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In South Africa, mourning and tears after the Cape Town library fire


The establishment was devastated by flames on Sunday evening. The Jagger Reading Room was reduced to ashes, but some areas of the building may have been preserved.

It was not a simple library.

The elegant reading room of the University of Cape Town, destroyed by a fleeting and terrifying fire, has inspired, educated and dreamed of thousands of students and researchers with its unique collection of African documents.

The images of bright orange flames, Sunday evening April 18, engulfing the neoclassical building with huge stone columns, circulated across the continent and mourned many African intellectuals and beyond, for whom the library was a landmark, almost a place of worship.

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“All sore, broken heart. Looking at the pictures of the burning library freaks me out. My brain was shaped in this institution, ”

wrote South African geographer Paballo Chauke, also an Oxford graduate, on Twitter.

"In 2002, I had the opportunity to study there for a year and it shaped the course of my life,"

tweets London-based anthropologist Marissa Mika, who says her

"sorrow for all that has been lost ”


Others mourn this place which contained

"the oldest, the rarest books on Africa"


"Our collection of African studies lost in the fire can never be replaced"

, soberly observes the DKIS department of the prestigious university, a postgraduate program for future librarians or data managers.

The stripped-down Jagger Reading Room with towering ceilings, built in the 1930s, was devastated by fire that swept down from the hills above the university.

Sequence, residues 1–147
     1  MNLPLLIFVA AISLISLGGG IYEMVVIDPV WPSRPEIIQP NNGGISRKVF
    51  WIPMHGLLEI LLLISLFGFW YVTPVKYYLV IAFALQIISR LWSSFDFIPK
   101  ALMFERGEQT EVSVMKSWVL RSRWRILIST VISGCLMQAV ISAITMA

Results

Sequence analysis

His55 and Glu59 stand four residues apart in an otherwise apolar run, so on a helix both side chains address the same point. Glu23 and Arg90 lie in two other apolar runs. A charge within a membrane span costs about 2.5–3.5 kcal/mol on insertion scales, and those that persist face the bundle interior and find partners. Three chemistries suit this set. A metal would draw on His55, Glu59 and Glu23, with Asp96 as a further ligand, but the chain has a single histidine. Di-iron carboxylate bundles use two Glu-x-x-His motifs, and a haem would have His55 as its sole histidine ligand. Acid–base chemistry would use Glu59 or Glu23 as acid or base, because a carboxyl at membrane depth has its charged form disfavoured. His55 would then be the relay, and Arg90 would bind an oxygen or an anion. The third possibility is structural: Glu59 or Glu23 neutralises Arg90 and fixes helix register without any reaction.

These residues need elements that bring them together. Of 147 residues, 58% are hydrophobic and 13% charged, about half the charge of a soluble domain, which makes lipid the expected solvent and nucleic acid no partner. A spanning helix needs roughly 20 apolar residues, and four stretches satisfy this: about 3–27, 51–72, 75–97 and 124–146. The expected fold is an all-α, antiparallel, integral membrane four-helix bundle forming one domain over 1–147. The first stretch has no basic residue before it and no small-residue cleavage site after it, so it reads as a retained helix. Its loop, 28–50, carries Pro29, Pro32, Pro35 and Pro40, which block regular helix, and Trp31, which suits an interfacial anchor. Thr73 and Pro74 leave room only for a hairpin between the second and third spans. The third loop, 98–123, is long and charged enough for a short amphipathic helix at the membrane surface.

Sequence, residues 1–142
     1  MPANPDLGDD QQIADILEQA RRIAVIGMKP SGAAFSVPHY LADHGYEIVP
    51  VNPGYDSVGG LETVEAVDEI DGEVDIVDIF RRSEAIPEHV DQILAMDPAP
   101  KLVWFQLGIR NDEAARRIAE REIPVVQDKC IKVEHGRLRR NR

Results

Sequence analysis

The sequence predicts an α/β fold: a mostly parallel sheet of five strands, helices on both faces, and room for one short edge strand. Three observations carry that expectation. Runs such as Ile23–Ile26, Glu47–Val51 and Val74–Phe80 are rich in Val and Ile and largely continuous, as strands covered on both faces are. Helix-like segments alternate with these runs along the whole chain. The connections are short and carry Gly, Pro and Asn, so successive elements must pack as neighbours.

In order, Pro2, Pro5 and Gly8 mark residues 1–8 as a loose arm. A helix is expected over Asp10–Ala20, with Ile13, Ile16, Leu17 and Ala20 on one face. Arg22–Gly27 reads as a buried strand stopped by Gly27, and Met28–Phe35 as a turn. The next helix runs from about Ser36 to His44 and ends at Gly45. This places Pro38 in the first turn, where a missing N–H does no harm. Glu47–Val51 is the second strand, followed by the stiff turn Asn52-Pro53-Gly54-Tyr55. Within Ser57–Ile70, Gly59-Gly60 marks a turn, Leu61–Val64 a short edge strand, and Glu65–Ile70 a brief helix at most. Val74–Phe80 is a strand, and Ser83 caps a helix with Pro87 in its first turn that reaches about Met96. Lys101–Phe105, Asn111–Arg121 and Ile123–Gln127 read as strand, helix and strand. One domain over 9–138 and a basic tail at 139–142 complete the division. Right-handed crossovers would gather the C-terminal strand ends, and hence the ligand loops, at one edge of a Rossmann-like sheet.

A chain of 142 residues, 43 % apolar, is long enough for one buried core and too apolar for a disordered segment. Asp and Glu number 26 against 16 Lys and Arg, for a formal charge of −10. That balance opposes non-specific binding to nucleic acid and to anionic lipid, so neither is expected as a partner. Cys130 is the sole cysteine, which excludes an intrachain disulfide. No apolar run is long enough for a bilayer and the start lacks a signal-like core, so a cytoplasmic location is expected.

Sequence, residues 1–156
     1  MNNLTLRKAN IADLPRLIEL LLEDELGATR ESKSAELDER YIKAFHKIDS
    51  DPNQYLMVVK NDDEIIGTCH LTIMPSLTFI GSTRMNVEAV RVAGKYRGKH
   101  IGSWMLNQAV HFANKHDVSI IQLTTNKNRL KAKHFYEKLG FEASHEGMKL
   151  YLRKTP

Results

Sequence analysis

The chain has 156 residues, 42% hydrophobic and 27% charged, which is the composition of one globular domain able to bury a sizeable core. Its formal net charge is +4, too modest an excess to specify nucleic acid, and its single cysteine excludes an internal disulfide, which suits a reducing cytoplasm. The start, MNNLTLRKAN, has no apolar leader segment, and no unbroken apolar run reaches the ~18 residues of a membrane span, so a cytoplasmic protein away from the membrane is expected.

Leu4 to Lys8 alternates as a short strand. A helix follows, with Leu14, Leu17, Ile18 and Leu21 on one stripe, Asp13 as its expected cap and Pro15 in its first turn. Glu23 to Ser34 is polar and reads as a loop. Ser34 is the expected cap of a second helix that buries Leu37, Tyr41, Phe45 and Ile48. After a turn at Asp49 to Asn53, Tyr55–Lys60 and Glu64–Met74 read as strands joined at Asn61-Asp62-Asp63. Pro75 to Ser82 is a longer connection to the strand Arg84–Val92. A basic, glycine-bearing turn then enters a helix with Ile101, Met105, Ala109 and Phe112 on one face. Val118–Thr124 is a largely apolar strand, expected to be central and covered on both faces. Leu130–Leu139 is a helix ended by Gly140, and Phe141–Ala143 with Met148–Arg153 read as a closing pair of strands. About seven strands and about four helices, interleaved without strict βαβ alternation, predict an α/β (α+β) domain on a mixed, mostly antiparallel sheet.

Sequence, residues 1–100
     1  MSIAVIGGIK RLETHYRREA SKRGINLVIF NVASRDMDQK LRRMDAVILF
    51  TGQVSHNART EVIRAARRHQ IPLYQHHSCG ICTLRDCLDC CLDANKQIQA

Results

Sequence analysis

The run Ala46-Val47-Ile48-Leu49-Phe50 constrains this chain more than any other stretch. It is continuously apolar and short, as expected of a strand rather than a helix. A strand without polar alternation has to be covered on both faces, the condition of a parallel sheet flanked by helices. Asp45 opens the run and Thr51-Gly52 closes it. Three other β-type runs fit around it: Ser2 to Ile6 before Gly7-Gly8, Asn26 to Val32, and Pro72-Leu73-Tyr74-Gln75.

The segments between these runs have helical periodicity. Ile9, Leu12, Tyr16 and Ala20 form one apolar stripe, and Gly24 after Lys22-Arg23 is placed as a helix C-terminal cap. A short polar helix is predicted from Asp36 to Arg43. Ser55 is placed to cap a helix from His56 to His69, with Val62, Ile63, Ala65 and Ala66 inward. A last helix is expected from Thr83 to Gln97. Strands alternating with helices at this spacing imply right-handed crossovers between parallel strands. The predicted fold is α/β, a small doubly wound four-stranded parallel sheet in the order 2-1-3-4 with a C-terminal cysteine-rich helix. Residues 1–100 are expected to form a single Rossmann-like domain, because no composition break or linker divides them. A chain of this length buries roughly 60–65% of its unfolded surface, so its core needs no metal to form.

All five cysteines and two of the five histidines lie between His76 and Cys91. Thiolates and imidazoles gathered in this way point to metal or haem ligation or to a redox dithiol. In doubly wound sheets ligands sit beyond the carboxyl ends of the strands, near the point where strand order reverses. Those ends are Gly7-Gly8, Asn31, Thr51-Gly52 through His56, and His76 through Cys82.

But some areas of the library, containing the most valuable documents, could have been protected by the automatic closing of fire walls, the city explained on Sunday.

The inventory, started on Tuesday, remains to be completed.

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"The heart of the university"

It contained a unique collection of documents on Africa: more than 85,000 books and pamphlets, some 3,500 African films, valuable documents on the pre-colonial history of South Africa and more recent government records, according to the management. from the University of Cape Town (UCT).

“The library is the heart of the university.

This is the university itself, ”

laments Divine Fuh, director of the university's Institute of Humanities, adding:

“ When you watch this place blaze, you die. ”

"We live in a world where African knowledge has been devalued for years, centuries ... Giving it value in a space where people can really get involved is symbolically strong"

, explains the anthropologist. to AFP.

Firefighters walking through the rubble of the library.


The library housed history, but was also intimately involved in it.

June Bam-Hutchison, who heads the unit of the Khoi and San peoples, the first inhabitants of South Africa, in the department of African studies, remembers having had to apply for a special authorization under the apartheid regime, to consult certain documents.

"This library allowed me to assert myself, to have a feeling of belonging, because I could find things that linked me to this land"

, she confides.

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The documents opened her eyes to African intellectuals who came before her, she says, but also to the history of the continent's indigenous peoples before first contact with Europeans.

She encouraged her students to delve into these archives, to deepen their knowledge but also to find this inspiration.

Some documents are digitized, but

"something special is happening when you can see them, touch them"


While the library still smokes in places, its staff have started to assess what has been lost or could be saved, said Professor Mamokgethi Phakeng, UCT's vice-chancellor.

“It's a huge loss, but we'll get over it,”

she vowed, wishful thinking.

Source: lefigaro

All news articles on 2021-04-20

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